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Renewal letters—the overlooked membership communications tool

Michael T. BrandtEvery association has them—membership renewal letters, either those sent with the renewal invoice or the “thank you” letter following receipt of the renewal. Often overlooked as part of our membership communications programs, they represent a golden opportunity to communicate directly with each member on a one-to-one basis. Few other membership communications tools offer the personal contact of a renewal letter—not the web site, not the newsletter, not e-mail promotion, not brochures.

Why do we see so many weak membership renewal letters? Perhaps there’s a lack of understanding of their value. Perhaps newsletters or web sites appear more glamorous and creative. Writing a good membership renewal letter is hard work and presents a challenge to an association membership director. But the rewards of improved member loyalty, participation, and satisfaction make the effort worthwhile.

Let’s take a look at one example of an actual renewal letter.

Dear Association Member:

Your membership renewal has been processed. Your membership certificate is enclosed and we encourage you to take advantage of your member benefits.

In today’s challenging times, you need to stay informed and on top of your game. The Association provides you with information and connects you with the people and programs that will help you achieve your business and career objectives.

The Association web site is a great resource featuring news about the association and includes a members-only section with industry studies, white papers, membership directory and more.

The Association is dedicated to helping you succeed. Contact us if we can be of service.

Regards,
Association Membership Chair

If you received this letter as an association member, how would you react? Does the association value your membership? Does it reinforce your buying decision by highlighting important specific benefits of being a member? Does it instill pride in the organization and make you want to belong? It’s cold. It’s aloof. It’s impersonal. And the organization didn’t even thank the member for renewing.

Let’s take a look at another example.

(1)Dear Michael Brandt:

(2) Thank you for renewing your membership in the Association. (3)As a member, you join with 5,000 other individuals who share your enthusiasm and commitment to your career and your profession. (4)Begun in 1922, the Association is dedicated to a collective goal—making your career a success.

(5)During the past year, your membership and participation has helped the Association

1. Increase your access to job-related information, resources, and white papers by doubling the number of publications in our resource library.

2. Initiate our first-ever professional certification program that can help identify and promote you as a qualified professional in your field.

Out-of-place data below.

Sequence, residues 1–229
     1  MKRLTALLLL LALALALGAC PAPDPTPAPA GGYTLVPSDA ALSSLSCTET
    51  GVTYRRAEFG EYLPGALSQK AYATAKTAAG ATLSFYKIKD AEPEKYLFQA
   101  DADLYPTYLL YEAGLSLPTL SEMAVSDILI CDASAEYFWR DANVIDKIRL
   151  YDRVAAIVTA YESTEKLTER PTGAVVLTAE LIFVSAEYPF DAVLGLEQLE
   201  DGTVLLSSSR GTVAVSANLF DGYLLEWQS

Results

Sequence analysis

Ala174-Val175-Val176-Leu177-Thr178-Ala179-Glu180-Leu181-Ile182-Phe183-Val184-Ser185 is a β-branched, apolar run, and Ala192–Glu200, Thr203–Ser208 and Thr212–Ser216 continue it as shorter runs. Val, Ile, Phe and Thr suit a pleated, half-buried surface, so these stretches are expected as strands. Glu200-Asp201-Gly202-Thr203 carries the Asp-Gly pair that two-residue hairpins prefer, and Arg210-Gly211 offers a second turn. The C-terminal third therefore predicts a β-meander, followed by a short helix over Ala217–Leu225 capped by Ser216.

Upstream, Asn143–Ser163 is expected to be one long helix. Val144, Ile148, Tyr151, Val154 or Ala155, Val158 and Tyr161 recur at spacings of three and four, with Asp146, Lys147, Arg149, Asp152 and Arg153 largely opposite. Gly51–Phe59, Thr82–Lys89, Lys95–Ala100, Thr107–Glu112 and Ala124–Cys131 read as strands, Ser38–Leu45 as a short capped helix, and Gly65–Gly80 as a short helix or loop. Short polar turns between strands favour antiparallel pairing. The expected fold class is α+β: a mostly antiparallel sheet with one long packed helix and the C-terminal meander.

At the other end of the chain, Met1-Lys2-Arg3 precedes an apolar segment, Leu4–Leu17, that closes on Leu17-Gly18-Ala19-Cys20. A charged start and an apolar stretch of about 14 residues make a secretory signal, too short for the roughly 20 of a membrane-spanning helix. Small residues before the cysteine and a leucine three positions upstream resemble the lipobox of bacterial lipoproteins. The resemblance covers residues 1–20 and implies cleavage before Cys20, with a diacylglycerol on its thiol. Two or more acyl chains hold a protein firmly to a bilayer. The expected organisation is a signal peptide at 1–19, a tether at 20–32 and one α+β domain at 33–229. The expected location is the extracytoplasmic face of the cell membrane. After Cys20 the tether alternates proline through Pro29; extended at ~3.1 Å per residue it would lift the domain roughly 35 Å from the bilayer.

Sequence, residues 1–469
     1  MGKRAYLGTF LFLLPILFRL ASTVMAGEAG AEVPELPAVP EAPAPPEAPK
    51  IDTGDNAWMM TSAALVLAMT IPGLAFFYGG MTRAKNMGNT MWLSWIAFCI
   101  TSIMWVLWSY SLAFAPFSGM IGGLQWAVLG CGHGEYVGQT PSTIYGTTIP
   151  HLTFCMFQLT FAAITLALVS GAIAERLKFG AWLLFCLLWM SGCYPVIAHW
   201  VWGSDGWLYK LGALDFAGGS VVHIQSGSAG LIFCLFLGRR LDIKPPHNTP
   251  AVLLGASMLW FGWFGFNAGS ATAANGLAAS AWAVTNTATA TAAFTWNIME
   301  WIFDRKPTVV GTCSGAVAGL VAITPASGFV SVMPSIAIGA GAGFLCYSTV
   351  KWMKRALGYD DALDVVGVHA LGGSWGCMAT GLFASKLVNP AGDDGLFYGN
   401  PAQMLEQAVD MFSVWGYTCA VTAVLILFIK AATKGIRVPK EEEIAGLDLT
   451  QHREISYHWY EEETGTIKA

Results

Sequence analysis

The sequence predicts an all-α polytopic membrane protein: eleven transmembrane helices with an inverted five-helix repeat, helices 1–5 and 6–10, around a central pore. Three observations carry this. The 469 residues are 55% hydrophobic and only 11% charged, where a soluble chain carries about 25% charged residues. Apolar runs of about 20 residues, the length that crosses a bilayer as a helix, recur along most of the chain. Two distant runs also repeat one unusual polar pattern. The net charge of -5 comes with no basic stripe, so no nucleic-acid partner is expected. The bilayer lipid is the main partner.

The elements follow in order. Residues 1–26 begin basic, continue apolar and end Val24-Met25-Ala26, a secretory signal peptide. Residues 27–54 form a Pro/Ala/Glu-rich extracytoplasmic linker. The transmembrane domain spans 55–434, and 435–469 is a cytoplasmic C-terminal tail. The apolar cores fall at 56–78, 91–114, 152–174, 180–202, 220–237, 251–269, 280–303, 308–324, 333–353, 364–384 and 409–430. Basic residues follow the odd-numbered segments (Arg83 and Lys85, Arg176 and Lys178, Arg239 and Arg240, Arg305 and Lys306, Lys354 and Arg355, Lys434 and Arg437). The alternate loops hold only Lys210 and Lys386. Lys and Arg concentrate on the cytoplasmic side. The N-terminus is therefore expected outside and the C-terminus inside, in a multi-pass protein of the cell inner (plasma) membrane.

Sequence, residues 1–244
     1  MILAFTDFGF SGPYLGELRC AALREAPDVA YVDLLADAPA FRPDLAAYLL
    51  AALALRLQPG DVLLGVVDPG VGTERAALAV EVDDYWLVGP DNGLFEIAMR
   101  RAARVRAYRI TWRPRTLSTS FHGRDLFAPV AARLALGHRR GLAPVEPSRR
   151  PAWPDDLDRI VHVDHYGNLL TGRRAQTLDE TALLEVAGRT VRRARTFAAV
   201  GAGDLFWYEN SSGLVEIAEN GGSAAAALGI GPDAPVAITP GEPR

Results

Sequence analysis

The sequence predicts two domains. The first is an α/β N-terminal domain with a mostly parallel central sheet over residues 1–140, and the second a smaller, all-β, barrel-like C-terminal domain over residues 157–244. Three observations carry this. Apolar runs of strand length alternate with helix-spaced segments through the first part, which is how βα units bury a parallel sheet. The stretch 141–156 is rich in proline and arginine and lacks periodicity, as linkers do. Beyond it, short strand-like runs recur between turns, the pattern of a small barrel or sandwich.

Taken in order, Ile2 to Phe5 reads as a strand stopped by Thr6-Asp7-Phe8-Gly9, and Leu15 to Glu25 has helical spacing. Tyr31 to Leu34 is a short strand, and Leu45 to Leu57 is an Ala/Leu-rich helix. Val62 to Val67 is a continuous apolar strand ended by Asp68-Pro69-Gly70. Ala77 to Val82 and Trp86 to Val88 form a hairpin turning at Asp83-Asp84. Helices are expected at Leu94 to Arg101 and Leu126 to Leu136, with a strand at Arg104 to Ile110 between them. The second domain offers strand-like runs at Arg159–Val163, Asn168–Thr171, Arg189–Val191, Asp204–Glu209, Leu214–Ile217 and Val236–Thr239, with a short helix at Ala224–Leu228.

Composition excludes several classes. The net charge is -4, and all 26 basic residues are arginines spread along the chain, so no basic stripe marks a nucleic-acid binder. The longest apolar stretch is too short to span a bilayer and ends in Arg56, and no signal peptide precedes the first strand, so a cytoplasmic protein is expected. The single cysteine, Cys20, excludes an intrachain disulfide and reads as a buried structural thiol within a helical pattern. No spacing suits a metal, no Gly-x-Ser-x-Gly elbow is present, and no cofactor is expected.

3. Successfully lobby for legislation that more clearly defines the legal requirements of contracts that you may enter into with customers and clients.

(6)Attached below is your membership card. Keep it handy whenever you call about your membership. It also entitles you to discounts in our online store or catalog, just one the many benefits of being a member.

(8)If you have questions about your membership or benefits, please contact our Member Services Department at 1-800-555-5555 Monday through Friday, 8:00 AM-5:00 PM Central Standard Time. Or you may send us an e-mail at memberservices@association.org or visit the member services section of the association web site www.association.org.

(9)Our members are the visible embodiment of our commitment to change and improvement. It is through your desire and dedication to your profession that the organization flourishes. Your membership means a good deal to us.

Sincerely,
Membership Chair

(1) The greeting is personalized. The member is important enough to be addressed by name. It helps set a tone of friendliness.

(2) A courteous and excellent start.

(3) Makes the member feel part of a significant organization.

(4) Reminds the member of the organization’s purpose in life and why the member joined.

(5) Recognizes the member as an important factor in organization and doubles as a reminder of some member benefits.

(6) Provides a concrete link between the member and the association.

(7) Another mention of a member benefit.

(8) The Association is available, approachable, and wants to be of service.

(9) The member is an important part of the Association.

(10) The Association values the member.

A well-written renewal letter reinforces the member’s buying decision. It establishes and promotes a professional and friendly relationship between the member and the Association. It sells the Association to the member. And it recognizes the importance of the member and the Association’s commitment to that member.

A similar approach can be adapted to cover letters sent with renewal invoices as well as letters welcoming new members.

Which organization would you like to join and continue as a member?

 

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